I’m starting a series of posts where I highlight small JS and/or CSS snippets that I use on my wiki to make my life easier. Some of them are gadgets that are available to and used by most or a lot of my admins, and some of them are used just by me. They range from really niche to broadly applicable, and you are free to use and modify them in any way, with credit - depending on the context, you can credit me as either RheingoldRiver or Megan Cutrofello.
The first gadget is a very simple JS script to change the display title of the page to match the page’s actual name - with a couple minor caveats.
On Leaguepedia, we have
$wgRestrictDisplayTitle set to
false, so that we can set the display title of a page to anything. We also take advantage of display titles copiously: our tournament pages are named like
LCS/2020 Season/Spring Season, with several layers of subpages, and we have a Lua module for constructing automatic navigation tabs between pages based on these subpages. However, we want users to see much friendlier names, and so our displaytitle will be set to “canonical” names for events, such as
LCS 2020 Spring.
But for wiki admins the displaytitles are a distraction and can make editing much more confusing, so I wanted a way to disable the displaytitles altogether.
(However, sometimes the displaytitle is just lowercasing the first letter of the page name; in this case, I don’t want to alter the display at all. )
Since this is the first post like this that I’m doing, I’ll write for readers with little or no prior JS knowledge - as I do more of these, I’ll go into a lot less detail.
First, we check that the display title is actually different from the canonical name of the page (remember, we do NOT want to change
IPhone!). Because display titles are only really used in the main namespace,
wgPageName are interchangeable here. (Note however that
wgPageName uses underscores while
wgTitle uses spaces.)
Once we know that we need to make a replacement, we check if there’s a namespace. If not, then we can just replace the
#firstHeading text with the
wgTitle param for the page.
#firstHeading is the element of the “DOM” (short for “Document Object Model") that contains the title of the page. By writing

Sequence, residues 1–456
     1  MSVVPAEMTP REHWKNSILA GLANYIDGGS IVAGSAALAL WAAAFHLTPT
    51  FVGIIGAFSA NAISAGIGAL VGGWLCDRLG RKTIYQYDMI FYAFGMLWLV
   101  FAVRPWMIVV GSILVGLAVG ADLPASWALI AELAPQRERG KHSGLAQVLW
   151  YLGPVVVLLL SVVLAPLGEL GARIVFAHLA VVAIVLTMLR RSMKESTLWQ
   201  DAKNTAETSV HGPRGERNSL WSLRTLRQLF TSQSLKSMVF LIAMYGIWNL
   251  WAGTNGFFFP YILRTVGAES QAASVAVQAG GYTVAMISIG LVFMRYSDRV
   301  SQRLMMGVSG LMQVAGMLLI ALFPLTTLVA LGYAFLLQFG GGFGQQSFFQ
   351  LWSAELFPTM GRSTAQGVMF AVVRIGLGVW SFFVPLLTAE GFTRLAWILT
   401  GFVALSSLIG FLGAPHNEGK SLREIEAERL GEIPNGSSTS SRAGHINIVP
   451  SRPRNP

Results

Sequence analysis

$('#firstHeading) we can gain access to do a lot of actions to it with jQuery, including changing its text, which is done with the aptly-named method text. So the full line is
If there is a namespace, then it’s slightly more complicated - we need to concatenate the namespace name (I chose to use the canonical namespace name, which is e.g.
Project for the Project namespace, and not the value of
$wgMetaNamespace). So instead of just setting the text of
$(#firstHeading) to a single value, we set it to the concatenation of three things: the canonical namespace, a colon, and the title of the page.
And that’s it, yay!
This gadget was one of the first pieces of JS I ever wrote (actually it may have been literally the first), so there’s a couple potential improvements:
Instead of checking for a positive condition and then continuing, we should check for a negative condition and then return, so that the entire body of code isn’t indented as far. This makes it easier to read and is a good practice to follow in general.
Also, we can just use the variable
$wgPageName and make the rest of the code a single line; however, since as mentioned earlier
$wgPageName uses underscores and not spaces, we then need to do a replacement (since it’s a global replacement I’m using a regular expression with a global flag):
However, I have to admit that I rather prefer the normalization of
Leaguepedia: (our project namespace) to
Project: in the display.
With just a couple lines of JS we can create a very useful tool for wiki admins to disable a feature of the wiki that’s nice for visitors but not so nice for admins! The tools used here - using jQuery to edit the DOM and grabbing MediaWiki variables from mw.config - are extremely powerful, and make up a lot of what we will go over in future posts like this.